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Media and democracy Drastic changes shake Swiss media landscape

Seniors read the newspaper over breakfast

Soon Tamedia will be offering breakfast newspaper readers a single menu 

(Keystone)

Tamedia, Switzerland’s biggest private media company, has announced that its 14 different newspapers will soon be produced by only two editorial offices. At the same time, businessman Christoph Blocher has taken over 25 free newspapers in one fell swoop.

On 23 August, Tamedia dropped the bomb. It made public that in future only two editorial offices, one for the German-speaking and one for the French-speaking region, would produce its 12 dailies and two weeklies. The reason is the significant drop in the number of ad sales as well as subscriptions in the print sector.

What exactly does this mean? From 2018 onwards, Tamedia’s newspapers will uniformly inform a readership of around one million people about Swiss politics, foreign affairs, economics and sport. Only the local news sections will remain independent. Tamedia has stressed that this move would not result in redundancies, but would increase the efficiency of the company.

This is the latest chapter in the decade-long process of what can be seen as the death of Swiss newspapers (see graphic below).

Graphic showing Swiss media landscape
(swissinfo.ch)

Zurich-based Tamedia is not alone in this though. Ringier, the NZZ, AZ Media (which covers Aargau and northwest Switzerland), Basler Zeitung Media as well as Somedia (for southeast Switzerland) want their share of the Swiss media pie.

Balance threatened

Tamedia’s move has alarmed critics. “We will have identical reporting from Winterthur to Interlaken. This makes it uniform and not democratic at all,” political scientist Mark Balsiger told Swiss public radio SRF.

He also criticised Tamedia - as many other Swiss media companies - for doing highly profitable business with digital sales platforms, and not using the profits for high quality and expensive print journalism. “Over the past ten years, Tamedia has distributed more than CHF500 million ($520 million) to its shareholders and management. If they had only spent a small amount on quality journalism, the situation would be different today,” said Balsiger.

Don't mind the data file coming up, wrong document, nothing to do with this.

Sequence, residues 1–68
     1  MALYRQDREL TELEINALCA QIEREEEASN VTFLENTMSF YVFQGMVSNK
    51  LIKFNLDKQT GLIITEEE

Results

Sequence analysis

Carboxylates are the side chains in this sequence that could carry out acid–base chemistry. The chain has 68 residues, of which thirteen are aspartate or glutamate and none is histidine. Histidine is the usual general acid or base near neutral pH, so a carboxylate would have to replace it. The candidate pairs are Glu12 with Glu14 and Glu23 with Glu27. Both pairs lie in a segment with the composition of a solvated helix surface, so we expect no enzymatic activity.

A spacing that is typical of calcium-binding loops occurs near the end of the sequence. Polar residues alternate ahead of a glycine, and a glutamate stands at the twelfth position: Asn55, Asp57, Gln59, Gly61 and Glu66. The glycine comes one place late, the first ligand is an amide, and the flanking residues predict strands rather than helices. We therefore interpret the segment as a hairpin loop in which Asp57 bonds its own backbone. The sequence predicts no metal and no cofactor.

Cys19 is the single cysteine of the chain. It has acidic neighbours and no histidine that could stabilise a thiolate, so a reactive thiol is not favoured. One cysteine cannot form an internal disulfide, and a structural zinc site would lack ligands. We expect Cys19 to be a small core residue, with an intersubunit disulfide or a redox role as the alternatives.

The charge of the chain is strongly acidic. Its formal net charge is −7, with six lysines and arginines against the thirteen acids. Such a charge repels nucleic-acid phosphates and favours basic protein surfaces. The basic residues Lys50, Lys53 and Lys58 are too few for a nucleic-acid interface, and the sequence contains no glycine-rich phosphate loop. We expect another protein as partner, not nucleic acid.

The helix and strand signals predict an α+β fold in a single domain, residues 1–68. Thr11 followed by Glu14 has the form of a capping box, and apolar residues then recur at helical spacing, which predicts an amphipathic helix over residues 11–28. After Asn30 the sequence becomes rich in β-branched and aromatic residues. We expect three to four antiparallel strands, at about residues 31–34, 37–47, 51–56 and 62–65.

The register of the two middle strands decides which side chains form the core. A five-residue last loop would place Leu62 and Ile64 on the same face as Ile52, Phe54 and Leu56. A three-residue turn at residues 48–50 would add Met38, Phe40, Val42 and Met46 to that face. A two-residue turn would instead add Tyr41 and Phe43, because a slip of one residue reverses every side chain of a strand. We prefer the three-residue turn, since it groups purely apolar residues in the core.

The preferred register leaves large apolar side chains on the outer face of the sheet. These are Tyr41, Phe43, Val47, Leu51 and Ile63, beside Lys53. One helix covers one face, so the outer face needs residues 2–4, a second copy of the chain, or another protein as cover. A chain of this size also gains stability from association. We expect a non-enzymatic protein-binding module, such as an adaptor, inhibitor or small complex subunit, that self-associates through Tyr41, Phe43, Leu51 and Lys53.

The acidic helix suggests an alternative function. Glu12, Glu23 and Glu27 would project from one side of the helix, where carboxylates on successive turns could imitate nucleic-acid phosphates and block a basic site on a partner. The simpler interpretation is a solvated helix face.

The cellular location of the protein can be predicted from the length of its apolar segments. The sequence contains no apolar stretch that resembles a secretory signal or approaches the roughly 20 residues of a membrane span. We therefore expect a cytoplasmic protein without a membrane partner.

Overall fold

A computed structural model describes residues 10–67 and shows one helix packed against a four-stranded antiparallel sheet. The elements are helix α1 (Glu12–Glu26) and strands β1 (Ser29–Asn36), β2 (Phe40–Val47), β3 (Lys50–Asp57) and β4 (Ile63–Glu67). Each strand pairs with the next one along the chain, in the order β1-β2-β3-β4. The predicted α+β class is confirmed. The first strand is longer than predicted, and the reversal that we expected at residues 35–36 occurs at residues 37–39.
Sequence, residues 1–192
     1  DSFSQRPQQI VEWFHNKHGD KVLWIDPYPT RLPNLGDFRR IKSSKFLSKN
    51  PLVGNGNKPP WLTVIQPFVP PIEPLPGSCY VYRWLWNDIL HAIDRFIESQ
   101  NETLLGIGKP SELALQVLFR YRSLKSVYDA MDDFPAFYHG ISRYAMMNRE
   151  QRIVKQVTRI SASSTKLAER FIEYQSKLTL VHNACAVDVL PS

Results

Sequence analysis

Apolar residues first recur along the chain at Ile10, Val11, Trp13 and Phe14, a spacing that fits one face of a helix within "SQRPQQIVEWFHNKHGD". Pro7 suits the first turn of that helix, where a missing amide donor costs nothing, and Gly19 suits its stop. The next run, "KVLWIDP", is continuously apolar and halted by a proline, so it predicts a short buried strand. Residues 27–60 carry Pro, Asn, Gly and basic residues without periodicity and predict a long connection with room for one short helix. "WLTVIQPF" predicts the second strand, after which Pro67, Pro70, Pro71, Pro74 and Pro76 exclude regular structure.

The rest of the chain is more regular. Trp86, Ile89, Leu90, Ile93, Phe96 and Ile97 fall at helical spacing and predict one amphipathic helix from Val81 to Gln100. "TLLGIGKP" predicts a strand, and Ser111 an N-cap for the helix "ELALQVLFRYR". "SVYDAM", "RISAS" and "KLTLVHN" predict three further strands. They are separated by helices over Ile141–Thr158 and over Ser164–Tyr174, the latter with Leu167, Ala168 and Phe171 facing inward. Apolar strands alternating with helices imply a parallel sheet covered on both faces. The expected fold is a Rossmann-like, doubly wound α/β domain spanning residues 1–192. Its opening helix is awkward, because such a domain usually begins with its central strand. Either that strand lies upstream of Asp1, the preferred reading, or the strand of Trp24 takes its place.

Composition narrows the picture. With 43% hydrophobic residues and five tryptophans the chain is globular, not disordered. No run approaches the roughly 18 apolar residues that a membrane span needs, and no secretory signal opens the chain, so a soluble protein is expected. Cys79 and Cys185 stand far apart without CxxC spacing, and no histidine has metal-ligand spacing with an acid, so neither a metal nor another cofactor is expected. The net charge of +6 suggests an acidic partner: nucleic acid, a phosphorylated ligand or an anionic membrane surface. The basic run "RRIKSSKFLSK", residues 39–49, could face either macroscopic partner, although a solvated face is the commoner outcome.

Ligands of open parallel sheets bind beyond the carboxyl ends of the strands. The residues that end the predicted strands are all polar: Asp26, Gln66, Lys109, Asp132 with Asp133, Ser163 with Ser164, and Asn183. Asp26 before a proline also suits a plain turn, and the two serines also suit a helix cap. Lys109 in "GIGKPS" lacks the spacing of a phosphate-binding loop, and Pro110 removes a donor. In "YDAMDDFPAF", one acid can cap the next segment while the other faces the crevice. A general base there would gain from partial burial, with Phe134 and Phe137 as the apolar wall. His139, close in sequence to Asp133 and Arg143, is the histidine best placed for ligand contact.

Daniel Eckmann, former government minister spokesman and former deputy director general of the Swiss Broadcasting Corporation, is also worried. “Every weight in a democracy needs a counterweight,” he told swissinfo.ch. So if the media gets less diverse, the carefully balanced democratic structure will collapse. The reason for this is that diverse opinions, which are a big part of democracy, are better shaped by a diverse media landscape, experts agree.

#Dear Democracy

This text is part of #DearDemocracyexternal link, a platform on direct democracy issues, by swissinfo.ch.

end of infobox

Debating the best idea or better argument provides Swiss voters with a good basis to form their own opinions and make well-informed decisions at the ballot box.

Blocher: long-desired goal

Before Tamedia made its announcement, businessman and former politician Christoph Blocher had been hogging the headlines. The chief strategist of the conservative-right Swiss People’s Party used the Basler Zeitung Media, of which he owns one third, to buy Zehnder Media AG.

The ‘silverware’ of the family-owned publishing house are 25 free local newspapers. With this purchase, Blocher gained 800,000 new readers in one fell swoop. Along with the Basler Zeitung -  and the Weltwoche newspaper, which shares his isolationist vision of Switzerland -  Blocher has now superseded the million mark when it comes to readership figures.

14 newspapers, 2 editorial offices

Tamedia promises that all its papers will remain independent.

Der Bund and the Berner Zeitung will continue to be published in Bern.

The two main editorial offices will be in German-speaking and French-speaking Switzerland and will provide the content for Swiss politics, foreign affairs, economics and sport. Investigative stories will also be done by the main offices. Only the local and regional sections of the papers will remain independent.

Each of the two editorial offices will be managed by a separate editor-in-chief. All newspapers will keep their own editor-in-chief.

These changes will be introduced in 2018.

end of infobox

SWI swissinfo.ch is part of the Swiss Broadcasting Corporation and receives half of its funding from the government.


Translated from German by Billi Bierling

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